What is astonishing to me, Jack, is that those who share your point of view appear to believe that “we” decide whether to sit back, intervene or whatever.
    Were that the case we would be at a loss to explain why “we” are sitting back and watching what happens in Saana or Bahrain. Or sat back and watched what happened in Gaza or Lebanon.
    But “we’ didn’t sit back did we? We had no choice. We weren’t asked.
    The only difference is that In the Libyan war “we” are tempted to affect to be agents choosing the course of policy rather than impotent proles whose place is not to reason why but to do and die.
    Or at least not to reason why unless we come up with the same conclusions as Mrs Clinton and the Kings called Abdullah. And, if not quite to do and die, then at least pay for the munitions and the cost of arming not only the enemies of Ghadaffi but the agents and proteges of the Sauds and Sarkozys, not to mention Berlusconi and the White House.
    Don’t people look around at these group shots and wonder how they came to hold the same views as all these fascists and criminals, bloodstained adventurers and Kings who know nothing of constitutions but more about Bastilles and dungeons than the Bourbons ever dreamed of?

  10. @ bevin — Didn’t Tallyrand say of the Bourbons (or some ruling claque like them) that “they learned nothing and they forgot nothing”?
    Sounds like a fairly apt description of the last half-century of American governments. Personally, I think that America should change its national ornithological symbol from the Eagle to the Ostrich.

  11. I really appreciate the comments of Helena even though Juan Cole is my 1st read daily. The reason is that I learn great stuff from both of them and they are both fact based. In my view the US was very late
    and awkward Re:Libya AND Egypt. As a result I expect
    a great humanitarian disaster on the Gaddafi side because there will soon be no food and no fuel in Libya. US Taxpayers will be fighting over the bill for this for a long time.

  12. Yes, This Is A Humanitarian War — That Is What Makes It So Deadly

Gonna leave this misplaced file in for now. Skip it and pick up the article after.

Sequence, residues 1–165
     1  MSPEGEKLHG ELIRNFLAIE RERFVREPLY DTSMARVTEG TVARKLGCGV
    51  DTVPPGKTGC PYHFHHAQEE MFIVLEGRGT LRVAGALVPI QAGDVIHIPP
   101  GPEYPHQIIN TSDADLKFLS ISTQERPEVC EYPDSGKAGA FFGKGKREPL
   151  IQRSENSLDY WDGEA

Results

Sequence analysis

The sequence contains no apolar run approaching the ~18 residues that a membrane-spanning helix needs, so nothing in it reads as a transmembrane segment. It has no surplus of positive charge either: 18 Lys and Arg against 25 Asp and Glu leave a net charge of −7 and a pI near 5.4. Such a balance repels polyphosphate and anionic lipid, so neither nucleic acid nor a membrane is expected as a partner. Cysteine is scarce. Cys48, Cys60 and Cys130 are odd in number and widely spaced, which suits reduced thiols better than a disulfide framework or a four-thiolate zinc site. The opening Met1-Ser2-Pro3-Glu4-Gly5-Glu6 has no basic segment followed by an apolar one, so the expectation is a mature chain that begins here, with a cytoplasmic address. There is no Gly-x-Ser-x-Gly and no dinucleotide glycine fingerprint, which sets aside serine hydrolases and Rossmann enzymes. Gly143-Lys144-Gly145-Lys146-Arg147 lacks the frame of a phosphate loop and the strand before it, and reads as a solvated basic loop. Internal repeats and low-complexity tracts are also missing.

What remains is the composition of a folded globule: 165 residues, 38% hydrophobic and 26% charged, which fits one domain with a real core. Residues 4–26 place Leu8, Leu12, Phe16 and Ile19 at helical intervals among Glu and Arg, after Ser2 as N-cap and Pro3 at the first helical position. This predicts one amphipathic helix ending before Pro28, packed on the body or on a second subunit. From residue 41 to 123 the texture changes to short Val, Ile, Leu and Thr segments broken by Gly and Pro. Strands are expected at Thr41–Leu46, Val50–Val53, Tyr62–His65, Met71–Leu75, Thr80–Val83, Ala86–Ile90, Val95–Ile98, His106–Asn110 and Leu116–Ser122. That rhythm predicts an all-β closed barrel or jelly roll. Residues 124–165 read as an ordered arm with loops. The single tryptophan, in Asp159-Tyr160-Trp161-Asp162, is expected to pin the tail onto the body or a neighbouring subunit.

No more terrible fate can befall nations like Libya than to become objects of Western liberal pity.
    By Brendan O’Neill
    April 01, 2011 “Spiked” – — They’re back. Having spent the past 10 years pretending to be anti-war – describing the attack on Iraq as ‘criminal’ and the war in Afghanistan as ‘a trifle ill-judged’ – the liberal and left-wing set that originally invented the idea of ‘humanitarian warfare’ in the 1990s are once more at the forefront of public debate. They’ve cast off the anti-imperialist garb that they temporarily donned to make their disappointment with Blair and their snobbish disdain for Bush appear principled, to reveal that, underneath, there lurk the same old laptop bombardiers keen to visit their moralistic fury upon some wayward nation. This time they have Libya in their sights.’
    ‘The international isolation of Gaddafi’s regime, the description of him as ‘evil’ (far more evil than those carrying out massacres in Bahrain apparently), creates a situation where he has little left to lose. Transformed into a pariah, he is starting to act like one,’
    what? what would you do if your couutry was under attack by enemies foreign(US/NATO invaion) or domestic( jihadi insurgents) This sort of thinking is part of the problem..Gadaffi is quite right to defend his country from enemies FORIEN and DOMESTIC (well known american forumula)

  13. I’m a little late to this set of comments so instead of my 2 cents here is a link to Adam Curtis’ blog at the BBC outlining the original of this lovely new liberal fetish “humanitarian intervention”:
    Incidentally I agree with 1 of the above commentators re Juan Cole i.e. he’s an opportunist an a very useful idiot.